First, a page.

I see it across a myriad of platforms, in images and words, through the window of shops and across the World Wide Web.  I know its form and function and I use it every single day but do I know it?  Not really as I sat on the aforementioned fashion carousel and listened to the history of fashion studies with its several approaches but I also thought about my own early engagement with fashion, when I attended the school of the Early Madonna Period.

Madonna 3   madonna 1  madonna 2

Yes, I wanted her style, I copied her style, anything and everything in cloth was worn with imagination, lace as bracelets, underwear as outerwear, leggings under skirts, and fashion was an arena of creativity and imagination for me. Was I fashionable? In the early 80s, yes, I was but how about my identity, because I copied Madonna, as did countless other young women of my age, did that mean, I had Madonna’s identity? No, instead what I had was a dialogue with Madonna’s style, I copied in my own way.  I made clothing choices based on what I had to hand and a framework provided by Madonna. I am going to call this a practice-based approach in cataloguing the history of my fashion and we, the early period Madonna girls, performed with her in the song and dance known as the dual action of individualism and conformity. The threads of fashion drew us together and held us there in the early years of the 1980s.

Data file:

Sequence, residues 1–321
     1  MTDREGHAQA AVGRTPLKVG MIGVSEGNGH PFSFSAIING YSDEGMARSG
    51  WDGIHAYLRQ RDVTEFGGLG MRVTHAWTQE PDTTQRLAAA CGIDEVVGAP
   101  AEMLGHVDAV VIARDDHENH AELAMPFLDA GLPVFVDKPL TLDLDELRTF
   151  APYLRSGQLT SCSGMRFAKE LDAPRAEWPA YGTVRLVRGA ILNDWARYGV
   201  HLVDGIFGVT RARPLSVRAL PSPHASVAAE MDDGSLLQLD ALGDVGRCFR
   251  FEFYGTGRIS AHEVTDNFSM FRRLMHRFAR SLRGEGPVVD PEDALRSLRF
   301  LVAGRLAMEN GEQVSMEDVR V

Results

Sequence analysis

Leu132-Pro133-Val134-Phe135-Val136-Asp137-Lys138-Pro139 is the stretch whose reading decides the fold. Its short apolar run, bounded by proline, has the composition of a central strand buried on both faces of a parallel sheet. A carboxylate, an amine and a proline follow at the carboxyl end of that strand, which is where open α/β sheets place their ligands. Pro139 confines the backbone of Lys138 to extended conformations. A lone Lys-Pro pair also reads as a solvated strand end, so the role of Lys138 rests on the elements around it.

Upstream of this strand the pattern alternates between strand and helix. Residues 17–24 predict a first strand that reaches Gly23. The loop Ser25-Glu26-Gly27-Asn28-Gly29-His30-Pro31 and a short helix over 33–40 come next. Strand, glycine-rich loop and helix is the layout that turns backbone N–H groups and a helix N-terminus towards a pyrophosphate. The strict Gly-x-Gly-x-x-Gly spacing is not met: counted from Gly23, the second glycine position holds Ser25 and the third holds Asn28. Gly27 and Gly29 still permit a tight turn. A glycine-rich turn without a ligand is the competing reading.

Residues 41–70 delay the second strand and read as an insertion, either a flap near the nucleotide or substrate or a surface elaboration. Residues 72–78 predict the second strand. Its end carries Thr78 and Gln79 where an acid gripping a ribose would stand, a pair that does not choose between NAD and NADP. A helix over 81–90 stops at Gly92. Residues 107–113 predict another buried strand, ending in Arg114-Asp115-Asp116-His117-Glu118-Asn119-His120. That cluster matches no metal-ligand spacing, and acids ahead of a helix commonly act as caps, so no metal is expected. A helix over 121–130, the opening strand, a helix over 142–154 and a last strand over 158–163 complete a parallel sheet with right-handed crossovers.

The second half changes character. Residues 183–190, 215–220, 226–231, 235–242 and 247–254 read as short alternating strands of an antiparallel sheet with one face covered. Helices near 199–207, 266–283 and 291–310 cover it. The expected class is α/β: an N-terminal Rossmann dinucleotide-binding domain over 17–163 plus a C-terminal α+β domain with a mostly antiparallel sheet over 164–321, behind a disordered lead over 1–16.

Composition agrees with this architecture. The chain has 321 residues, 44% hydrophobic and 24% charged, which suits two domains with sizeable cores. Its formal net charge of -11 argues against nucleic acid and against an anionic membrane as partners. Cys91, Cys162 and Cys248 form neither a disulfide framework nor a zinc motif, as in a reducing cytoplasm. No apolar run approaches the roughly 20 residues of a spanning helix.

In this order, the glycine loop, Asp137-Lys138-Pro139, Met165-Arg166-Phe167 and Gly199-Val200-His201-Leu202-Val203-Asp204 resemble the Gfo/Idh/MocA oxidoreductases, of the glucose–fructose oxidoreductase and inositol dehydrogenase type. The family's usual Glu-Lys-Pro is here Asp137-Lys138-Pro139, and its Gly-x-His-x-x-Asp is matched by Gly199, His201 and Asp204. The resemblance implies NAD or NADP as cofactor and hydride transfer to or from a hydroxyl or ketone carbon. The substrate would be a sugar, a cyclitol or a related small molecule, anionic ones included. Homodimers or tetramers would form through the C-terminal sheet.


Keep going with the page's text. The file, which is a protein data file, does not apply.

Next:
Fashion was not enough for Madonna as the decade of the 80s played out, she struck a pose, a vogue in the same attitude as the French court of the Sun King, Louis XIV and in her 1990 video for MTV, and she did pay homage to that courtly fashion underpinned by absolutism. The court of Louis played itself out as a way of life from dress to gesture but while the court appeared centralised and appeared to be the market leaders in fashion (to borrow a modern expression), the reality was that non-western societies progressed in clothing changes at the same time too (http://ieg-ego.eu/en/threads/models-and-stereotypes/gabriele-mentges-european-fashion-1450-1950). More details at this link.

As I wrote yesterday with regard to colour, society needs to open its eyes and minds to that colour on the marble and to the fact that nobody holds the monopoly on global fashion history.

Tomorrow, we examine Danish fashion, its history, design, Identity with Karl Lagerfeld wearing rock military style and Madonna might drop in!!!!